BCB: Cubs announcer Pat Hughes likes to make fun of Grant Balfour's name as being "Bal Four", a bad name for a pitcher. Is Balfour really this good, or is this a mirage?

AN: Balfour hasn't blown a save since April of 2012, and that's a statistical fluke no matter who does it. That being said, he has a 2.40 ERA over 168.2 innings in his three-year Oakland career, so it's tough to call him a mirage. He is a nasty reliever who has shown a consistent ability to keep the hits down while striking out a batter per inning. He has bouts of wildness and can sometimes be prone to the longball, so he is beatable, but he's been a very reliable reliever for years now and has really settled into the closer's role. He's become a huge fan favorite in Oakland (watch the right field bleachers for "Balfour Rage" when he comes into the game), and he's a very good bet to make the All-Star team.

BCB: Are you surprised at the A's competitiveness the last two years? They weren't expected to be this good, this soon. How can the Cubs mirror that success?

AN: Obviously, 2012 was as huge of a shock to A's fans as it was to everyone else. There were reasons for optimism, sure, but an AL West crown? Nobody, and I mean nobody, saw that coming. This year, though, it's not so shocking. Billy Beane took a good-but-flawed team and filled in the holes rather than praying for a repeat. He got a catcher with a bat (John Jaso), a shortstop with a pulse (Jed Lowrie), a theoretical upgrade in the outfield (Young over Jonny Gomes, though that hasn't worked out so well yet), and made the then-unpopular move of retaining Bartolo Colon to make sure that he had more than five good starting pitchers (since someone will always get hurt).

With those new pieces in place around a strong core of Cespedes/Moss/Reddick/Coco/Donaldson, a dominant bullpen, and his young starting pitchers, A's fans were very confident that the team could repeat the success of 2012.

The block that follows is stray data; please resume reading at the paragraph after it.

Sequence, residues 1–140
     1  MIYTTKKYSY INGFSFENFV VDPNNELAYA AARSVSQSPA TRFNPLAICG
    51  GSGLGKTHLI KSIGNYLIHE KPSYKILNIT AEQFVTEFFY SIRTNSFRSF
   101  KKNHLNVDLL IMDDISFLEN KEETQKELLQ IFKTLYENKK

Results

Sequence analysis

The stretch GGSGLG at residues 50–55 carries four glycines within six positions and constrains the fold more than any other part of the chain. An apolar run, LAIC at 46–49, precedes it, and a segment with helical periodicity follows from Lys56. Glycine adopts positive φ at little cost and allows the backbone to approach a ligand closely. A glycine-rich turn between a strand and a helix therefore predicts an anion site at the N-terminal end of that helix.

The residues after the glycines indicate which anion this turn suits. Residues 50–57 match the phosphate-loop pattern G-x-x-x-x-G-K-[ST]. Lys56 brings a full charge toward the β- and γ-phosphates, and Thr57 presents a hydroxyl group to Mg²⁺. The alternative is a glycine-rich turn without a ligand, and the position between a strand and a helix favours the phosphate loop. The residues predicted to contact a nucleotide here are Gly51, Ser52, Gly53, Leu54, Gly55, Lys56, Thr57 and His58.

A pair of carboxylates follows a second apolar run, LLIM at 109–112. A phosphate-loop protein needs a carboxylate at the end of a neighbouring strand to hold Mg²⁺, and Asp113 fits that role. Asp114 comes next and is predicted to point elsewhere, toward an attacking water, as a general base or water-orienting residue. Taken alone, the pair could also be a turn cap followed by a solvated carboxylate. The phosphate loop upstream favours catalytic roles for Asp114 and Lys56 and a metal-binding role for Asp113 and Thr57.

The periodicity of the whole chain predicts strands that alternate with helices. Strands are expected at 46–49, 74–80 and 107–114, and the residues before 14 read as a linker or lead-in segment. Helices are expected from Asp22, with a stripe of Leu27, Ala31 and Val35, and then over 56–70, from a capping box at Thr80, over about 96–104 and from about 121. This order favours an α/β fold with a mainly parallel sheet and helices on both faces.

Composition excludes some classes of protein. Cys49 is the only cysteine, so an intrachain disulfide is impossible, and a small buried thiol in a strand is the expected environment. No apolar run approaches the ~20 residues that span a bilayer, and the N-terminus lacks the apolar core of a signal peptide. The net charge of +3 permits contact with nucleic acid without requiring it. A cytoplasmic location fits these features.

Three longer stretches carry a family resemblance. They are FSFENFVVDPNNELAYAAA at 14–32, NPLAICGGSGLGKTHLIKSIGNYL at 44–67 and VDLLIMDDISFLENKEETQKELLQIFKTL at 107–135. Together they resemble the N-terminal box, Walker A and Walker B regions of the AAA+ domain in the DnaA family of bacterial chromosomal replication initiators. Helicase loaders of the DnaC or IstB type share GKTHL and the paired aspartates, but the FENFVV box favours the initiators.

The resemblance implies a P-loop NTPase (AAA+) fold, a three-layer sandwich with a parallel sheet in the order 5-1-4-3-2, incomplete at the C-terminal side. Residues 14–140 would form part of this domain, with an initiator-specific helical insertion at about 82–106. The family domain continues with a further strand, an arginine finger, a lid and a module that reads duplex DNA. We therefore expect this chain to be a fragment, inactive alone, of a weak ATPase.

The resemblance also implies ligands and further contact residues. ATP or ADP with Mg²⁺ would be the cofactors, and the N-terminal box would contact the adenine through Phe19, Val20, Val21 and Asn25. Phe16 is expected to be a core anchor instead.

As for the Cubs? Well, they already made the first move by getting their own Billy Beane (two of them, actually, with Epstein and Hoyer). Good teams start with good minds in the front office. The next move, in my opinion, is to build from within. Chicago should trade everyone of any value other than Rizzo, Castro, Samardzija, and Wood, for as many quality prospects as they can get, draft well, hope that some of those prospects pan out, and then augment all of that with the proper trade and free agent acquisitions. I believe that recent history has shown us that quality teams are not smashed together with high-priced free agent signings (Dodgers, Angels, Marlins), but rather built from the ground up around homegrown cores (Giants, Rangers, Cardinals, Reds, Rays, 2008 Phillies). Heck, even the Yankees built a dynasty on the backs of a homegrown core of Jeter/Pettitte/Rivera/Posada, and today their brightest hopes are based on Cano and Gardner rather than the squad of All-Star mercenaries around them. Signing stars isn't a bad thing, but I believe it's most effective as the finishing touch on a win-now team. Relying on that strategy alone is a great way to pay big money for past performance and end up disappointed.